I have always taught my children that the main point of mathematics is to understand its concepts. In other words, it is more important to know how to arrive at an answer than it is to get a correct answer. Our ultimate goal in math is, of course, to get correct answers; however, if you have 20/20 correct but do not really understand why you did what you did to arrive at those answers, then are you truly learning anything at all?
I would rather see one of my students, hand in an incorrect answer but be able to explain to me what process he or she used to get the answer than hand in a correct answer but not be able to explain to me how he or she did the problem. If a student understands the concept, then an incorrect answer is usually due to a mere computation error; in fact, if given the opportunity to carefully review the problem, the student (if he or she truly understands the concept) is likely to catch his or her own mistake.
I find it quite helpful to ask a student to explain how to do a particular problem out loud, to another person. If someone knows what to do and understands why doing it is necessary, then he or she should be able to provide basic instructions and explanations to others. This shows that learning has taken place.
In an English grammar and punctuation class, this would translate into knowing how to construct a coherent and grammatically correct sentence but also understanding why it is coherent and grammatically correct. Anyone can memorize rote instructions. Knowing that a comma belongs in a certain place is one thing. Understanding why it belongs there is equally, if not more important.
Is it good that a student can memorize information and repeat it on a test? Yes, to an extent, it is. What’s even better, however, is a student who understands what he or she has learned enough to be able to converse about it, to explain it, and to apply it.
Sadly, many children nowadays are passed onto the next grade level because they have shown up to 180 classes and were provided a certain amount of information. A failed “no child left behind” system has backfired big time because kids who do not understand what they’ve been taught are shuffled off with their peers to higher levels of learning. Some fake their way through. Some wind up hating school. Others barely function because they are struggling to grasp new information when they still don’t understand the previous information they were given.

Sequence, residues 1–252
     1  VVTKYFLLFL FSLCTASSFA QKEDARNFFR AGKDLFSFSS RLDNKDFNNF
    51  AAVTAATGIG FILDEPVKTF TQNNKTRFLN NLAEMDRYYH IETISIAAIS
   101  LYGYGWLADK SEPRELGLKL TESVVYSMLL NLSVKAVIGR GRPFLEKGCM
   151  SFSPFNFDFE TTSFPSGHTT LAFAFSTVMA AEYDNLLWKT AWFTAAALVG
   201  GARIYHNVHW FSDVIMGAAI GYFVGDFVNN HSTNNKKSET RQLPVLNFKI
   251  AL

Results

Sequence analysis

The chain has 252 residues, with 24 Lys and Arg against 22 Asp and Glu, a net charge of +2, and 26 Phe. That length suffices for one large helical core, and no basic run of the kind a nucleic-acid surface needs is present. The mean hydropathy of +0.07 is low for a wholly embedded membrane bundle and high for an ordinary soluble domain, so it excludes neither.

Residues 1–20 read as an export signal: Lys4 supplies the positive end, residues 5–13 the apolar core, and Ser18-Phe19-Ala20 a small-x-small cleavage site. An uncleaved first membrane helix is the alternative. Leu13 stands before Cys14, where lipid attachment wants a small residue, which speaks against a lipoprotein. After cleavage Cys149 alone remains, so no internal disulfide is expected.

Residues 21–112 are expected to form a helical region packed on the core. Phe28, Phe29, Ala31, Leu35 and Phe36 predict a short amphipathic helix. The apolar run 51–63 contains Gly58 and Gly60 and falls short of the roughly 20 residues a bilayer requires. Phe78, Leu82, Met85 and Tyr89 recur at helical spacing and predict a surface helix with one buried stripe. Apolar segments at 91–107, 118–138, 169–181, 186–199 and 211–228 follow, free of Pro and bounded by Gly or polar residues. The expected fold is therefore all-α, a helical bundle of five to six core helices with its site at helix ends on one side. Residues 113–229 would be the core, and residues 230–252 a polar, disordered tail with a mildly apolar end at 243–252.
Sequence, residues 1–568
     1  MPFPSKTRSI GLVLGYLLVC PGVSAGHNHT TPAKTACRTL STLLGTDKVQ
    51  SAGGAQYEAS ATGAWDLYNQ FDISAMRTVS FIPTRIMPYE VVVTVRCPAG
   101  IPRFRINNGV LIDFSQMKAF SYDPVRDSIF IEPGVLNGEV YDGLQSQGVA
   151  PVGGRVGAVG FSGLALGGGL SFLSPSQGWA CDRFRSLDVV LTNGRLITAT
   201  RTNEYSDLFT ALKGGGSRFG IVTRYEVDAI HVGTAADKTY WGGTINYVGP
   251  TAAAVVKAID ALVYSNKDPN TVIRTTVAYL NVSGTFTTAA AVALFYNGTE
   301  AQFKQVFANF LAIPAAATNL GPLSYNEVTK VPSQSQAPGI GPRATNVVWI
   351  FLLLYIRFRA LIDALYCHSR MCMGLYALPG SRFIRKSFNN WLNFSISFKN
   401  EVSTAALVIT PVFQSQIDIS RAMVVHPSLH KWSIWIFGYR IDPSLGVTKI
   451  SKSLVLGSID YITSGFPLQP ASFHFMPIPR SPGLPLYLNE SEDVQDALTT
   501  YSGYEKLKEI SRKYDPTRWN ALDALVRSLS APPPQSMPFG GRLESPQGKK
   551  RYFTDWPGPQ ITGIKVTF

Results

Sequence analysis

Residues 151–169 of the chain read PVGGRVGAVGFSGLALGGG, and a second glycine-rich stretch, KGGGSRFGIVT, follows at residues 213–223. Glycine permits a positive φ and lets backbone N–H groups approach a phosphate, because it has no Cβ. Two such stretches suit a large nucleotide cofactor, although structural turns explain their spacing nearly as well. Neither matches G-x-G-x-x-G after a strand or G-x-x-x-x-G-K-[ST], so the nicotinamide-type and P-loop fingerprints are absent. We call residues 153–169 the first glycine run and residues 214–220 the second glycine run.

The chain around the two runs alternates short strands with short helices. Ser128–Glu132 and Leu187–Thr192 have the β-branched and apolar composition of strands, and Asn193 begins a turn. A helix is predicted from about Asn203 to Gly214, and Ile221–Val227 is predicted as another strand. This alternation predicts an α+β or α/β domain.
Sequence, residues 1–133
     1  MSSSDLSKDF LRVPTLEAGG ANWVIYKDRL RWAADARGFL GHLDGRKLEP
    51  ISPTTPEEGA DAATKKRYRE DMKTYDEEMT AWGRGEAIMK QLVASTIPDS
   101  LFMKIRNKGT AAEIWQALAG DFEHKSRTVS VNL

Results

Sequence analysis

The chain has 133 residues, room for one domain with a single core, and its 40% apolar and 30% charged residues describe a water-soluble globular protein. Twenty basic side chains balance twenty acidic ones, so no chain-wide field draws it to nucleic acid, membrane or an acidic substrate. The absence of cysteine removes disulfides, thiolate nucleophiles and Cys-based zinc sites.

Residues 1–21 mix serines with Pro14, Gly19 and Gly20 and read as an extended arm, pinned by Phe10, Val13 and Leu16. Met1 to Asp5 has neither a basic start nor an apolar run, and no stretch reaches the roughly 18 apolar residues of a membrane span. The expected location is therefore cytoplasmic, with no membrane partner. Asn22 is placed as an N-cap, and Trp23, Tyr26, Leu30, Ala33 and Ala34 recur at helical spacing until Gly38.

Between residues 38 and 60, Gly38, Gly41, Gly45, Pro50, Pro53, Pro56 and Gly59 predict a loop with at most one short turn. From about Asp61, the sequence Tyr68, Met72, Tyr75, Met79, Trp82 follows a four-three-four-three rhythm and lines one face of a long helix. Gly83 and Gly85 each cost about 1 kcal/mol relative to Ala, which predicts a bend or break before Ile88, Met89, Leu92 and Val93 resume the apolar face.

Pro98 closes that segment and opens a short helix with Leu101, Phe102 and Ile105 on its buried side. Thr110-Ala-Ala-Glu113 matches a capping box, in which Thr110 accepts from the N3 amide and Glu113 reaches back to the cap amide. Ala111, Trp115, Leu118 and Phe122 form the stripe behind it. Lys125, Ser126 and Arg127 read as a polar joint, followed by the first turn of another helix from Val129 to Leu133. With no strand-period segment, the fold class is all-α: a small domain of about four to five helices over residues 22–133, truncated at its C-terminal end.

Education shouldn’t be about status quo. It shouldn’t be about a race for grant monies. It shouldn’t be about standardized test scores. I should be about children; in fact, it should be about each child, and helping him or her reach his or her full potential in life. It’s up to adults to make sure children are understanding what they’re being taught, for if they aren’t, they are not really learning.
Knowing things is good. Understanding what is known makes knowing worthwhile.
Writer Bio: Judy Dudich
Judy Dudich resides in the beautiful woods of Pennsylvania, where 24 acres of land and a home-office provide the perfect setting for her children’s home-education and her own homesteading and business ventures. Life is full of blessings (and challenges!) for Judy, as a wife, mother of 10 and Grammy to six. She is a published author, whose book, “I Surrender/A Study Guide for Women” continues to encourage and support others in Christian family lifestyles throughout the world. Judy has also previously worked in the online speaking circuit. Her passion for permaculture, re-purposing, foraging and organic gardening fills her days with learning and adventure that she loves to share.